• Avatar Andrea Olson on October 26, 2019 at 9:12 pm

      Hi Rose! Oh, that sounds so difficult. I’m sorry she’s having such anxiety. If you feel it is sound related, you might try noise reducing headphones. Try to get a family bathroom when you can. Offer the potty in the car before going in somewhere and again before putting her in the car seat. If she continues to be upset, take a break for a few weeks from out and about potty trips for her (toddler of course needs them still). Then start back in with the headphones, car potty, etc. xx Andrea

      • Avatar Rose on October 30, 2019 at 2:53 am

        The headphone is a good idea! Thanks Andrea! I think I will give her a break and only potty in the car and familiar restrooms where I know the flush won’t scare her, until she rebuilds some confidence.

        Your article also reminds me to “desensitize” her fear by presenting similar situations at home, maybe I can start putting her on the big toilet more so she gradually gets used to being near flushing sounds too, and bringing her in there when toddler/I go at home.. (So far I potty her on a small potty on our laundry countertop 99% of the time because the height’s so much easier for my back!)

        And I’m sure singing will help too. Thanks Viv! I can’t wait to try it next time I’m out! .

        • Avatar Andrea Olson on November 11, 2019 at 12:25 am

          I think working on using the toilet at home is a great idea. You can sit on a stool in front of the toilet or sit way back with her in front to create a smaller seat for her and save your back. xx Andrea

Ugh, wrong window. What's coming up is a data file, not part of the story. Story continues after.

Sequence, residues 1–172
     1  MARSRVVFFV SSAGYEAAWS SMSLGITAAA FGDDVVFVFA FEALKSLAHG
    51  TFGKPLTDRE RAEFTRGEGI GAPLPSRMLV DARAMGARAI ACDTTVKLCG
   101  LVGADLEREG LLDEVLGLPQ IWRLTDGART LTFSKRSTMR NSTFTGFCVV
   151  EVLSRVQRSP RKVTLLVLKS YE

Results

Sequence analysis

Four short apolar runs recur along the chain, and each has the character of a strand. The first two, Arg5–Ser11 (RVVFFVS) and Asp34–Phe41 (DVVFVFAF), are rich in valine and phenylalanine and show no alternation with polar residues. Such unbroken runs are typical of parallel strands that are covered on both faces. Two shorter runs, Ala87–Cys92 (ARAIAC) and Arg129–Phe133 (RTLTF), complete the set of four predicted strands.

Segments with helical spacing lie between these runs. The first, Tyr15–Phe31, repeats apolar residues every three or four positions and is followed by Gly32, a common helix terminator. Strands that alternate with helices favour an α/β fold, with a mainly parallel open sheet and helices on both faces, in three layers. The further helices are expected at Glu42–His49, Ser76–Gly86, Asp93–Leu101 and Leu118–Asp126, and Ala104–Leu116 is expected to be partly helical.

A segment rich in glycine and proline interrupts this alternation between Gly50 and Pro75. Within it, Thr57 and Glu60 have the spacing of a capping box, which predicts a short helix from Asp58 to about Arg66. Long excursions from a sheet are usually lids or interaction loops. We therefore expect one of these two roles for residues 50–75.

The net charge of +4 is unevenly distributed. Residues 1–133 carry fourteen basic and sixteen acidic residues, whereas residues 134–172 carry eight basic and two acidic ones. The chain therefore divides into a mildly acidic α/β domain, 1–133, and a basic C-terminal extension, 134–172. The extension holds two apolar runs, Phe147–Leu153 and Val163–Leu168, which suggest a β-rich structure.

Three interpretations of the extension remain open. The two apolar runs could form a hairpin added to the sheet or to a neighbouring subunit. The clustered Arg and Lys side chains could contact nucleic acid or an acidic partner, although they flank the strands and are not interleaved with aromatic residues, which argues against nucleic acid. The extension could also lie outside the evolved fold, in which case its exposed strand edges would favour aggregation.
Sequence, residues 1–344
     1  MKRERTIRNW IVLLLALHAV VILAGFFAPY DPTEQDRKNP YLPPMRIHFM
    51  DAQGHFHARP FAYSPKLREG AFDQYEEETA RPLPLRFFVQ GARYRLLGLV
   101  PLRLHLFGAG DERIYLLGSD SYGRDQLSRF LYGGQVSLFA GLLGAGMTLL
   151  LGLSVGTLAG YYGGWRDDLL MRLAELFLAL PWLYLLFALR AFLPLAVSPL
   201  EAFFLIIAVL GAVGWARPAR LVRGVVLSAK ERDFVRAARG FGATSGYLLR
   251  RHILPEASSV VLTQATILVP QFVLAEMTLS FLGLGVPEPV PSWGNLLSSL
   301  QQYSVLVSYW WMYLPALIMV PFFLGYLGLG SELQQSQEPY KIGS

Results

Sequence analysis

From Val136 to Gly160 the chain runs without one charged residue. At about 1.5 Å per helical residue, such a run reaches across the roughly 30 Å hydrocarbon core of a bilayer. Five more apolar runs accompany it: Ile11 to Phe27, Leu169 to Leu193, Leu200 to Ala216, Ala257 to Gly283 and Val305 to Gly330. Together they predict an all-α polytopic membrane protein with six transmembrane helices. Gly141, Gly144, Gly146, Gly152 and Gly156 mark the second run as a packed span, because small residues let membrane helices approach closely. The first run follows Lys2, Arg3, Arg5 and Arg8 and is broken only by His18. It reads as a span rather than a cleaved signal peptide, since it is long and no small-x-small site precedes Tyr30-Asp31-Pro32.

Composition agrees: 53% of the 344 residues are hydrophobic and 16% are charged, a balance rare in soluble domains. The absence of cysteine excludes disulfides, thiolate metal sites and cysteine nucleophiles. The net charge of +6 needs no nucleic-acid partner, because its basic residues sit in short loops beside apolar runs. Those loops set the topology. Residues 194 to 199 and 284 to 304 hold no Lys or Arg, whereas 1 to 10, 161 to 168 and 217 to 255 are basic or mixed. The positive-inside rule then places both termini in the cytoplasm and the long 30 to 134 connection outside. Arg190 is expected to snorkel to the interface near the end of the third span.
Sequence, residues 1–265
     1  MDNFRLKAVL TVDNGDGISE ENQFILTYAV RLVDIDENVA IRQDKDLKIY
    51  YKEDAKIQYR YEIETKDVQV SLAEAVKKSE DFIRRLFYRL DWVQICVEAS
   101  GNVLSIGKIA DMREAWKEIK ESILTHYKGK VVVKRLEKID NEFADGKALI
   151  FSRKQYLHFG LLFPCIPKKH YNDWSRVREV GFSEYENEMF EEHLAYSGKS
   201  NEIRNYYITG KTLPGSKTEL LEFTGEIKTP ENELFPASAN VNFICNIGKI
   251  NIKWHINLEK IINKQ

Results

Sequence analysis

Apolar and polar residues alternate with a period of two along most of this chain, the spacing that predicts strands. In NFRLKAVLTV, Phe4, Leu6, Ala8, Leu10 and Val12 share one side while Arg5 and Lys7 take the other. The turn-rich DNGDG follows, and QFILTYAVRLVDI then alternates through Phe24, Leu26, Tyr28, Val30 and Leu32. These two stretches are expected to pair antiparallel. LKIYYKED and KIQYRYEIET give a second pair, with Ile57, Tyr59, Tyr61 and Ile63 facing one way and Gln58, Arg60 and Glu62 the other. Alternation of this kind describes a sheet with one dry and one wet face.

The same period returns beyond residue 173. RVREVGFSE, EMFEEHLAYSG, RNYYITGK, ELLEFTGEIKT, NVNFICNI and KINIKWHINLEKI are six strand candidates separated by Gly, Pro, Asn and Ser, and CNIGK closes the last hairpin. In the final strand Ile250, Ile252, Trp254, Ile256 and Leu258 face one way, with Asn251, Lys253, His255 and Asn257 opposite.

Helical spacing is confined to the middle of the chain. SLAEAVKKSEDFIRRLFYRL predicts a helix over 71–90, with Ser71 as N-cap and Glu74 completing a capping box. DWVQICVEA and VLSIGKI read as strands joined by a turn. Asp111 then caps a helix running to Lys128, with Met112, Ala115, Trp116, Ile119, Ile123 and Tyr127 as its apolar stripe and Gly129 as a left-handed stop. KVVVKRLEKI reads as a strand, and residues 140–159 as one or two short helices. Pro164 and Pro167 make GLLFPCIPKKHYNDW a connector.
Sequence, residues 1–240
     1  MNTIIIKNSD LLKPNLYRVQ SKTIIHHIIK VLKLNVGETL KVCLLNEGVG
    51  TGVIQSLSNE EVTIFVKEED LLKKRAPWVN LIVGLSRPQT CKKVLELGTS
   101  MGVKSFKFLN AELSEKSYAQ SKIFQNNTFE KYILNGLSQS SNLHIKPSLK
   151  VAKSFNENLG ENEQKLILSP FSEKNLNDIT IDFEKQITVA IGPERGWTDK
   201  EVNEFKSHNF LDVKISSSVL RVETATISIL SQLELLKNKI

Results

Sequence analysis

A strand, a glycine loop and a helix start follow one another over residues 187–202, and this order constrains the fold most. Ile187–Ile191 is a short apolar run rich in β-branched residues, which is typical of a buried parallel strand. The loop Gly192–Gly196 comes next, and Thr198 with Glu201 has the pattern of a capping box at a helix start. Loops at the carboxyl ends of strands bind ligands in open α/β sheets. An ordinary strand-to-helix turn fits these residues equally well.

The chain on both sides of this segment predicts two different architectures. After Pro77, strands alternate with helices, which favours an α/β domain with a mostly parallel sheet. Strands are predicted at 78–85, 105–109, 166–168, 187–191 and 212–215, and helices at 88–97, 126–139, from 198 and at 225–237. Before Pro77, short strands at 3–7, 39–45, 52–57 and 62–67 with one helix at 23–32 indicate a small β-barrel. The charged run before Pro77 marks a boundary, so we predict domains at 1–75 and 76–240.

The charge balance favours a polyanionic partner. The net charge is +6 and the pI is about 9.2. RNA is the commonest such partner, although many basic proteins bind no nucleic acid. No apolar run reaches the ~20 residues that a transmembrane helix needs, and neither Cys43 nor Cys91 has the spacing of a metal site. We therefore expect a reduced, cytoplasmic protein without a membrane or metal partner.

6. Avatar Viv on October 27, 2019 at 11:22 pm

    We have a song that I start singing before we enter a public restroom and continue singing it the whole time we’re in there. My two year-old is still too scared to use the toilet but she will at least tolerate being in there so that I can use it. Everywhere we go, I’ve been carrying Andrea’s portable “chimmy”, as we call it, since my daughter was 17 months old when we ditched daytime diapers. While I’m eager for her to use public toilets (ummm, that sounds odd), I don’t want to pressure her and I trust that she’ll get there eventually.

    • Avatar Andrea Olson on October 28, 2019 at 10:25 pm

      Singing is a great idea Viv! Thank you for sharing. I totally get it, it is so much easier once they’ll use a public toilet. And you’re right, she will get there! xx Andrea

  7. Avatar Sammy on February 17, 2022 at 12:10 am

    My daughter is 7 and still scared of auto flash and hand blow dry due to sensory issue. What I do is that I put my hand over the sensor to block till she wiped and stand far away from toilet, and I let my hand go. I am starting to journal which public restroom does not have auto flash. It’s hard to find it now days, though LOL.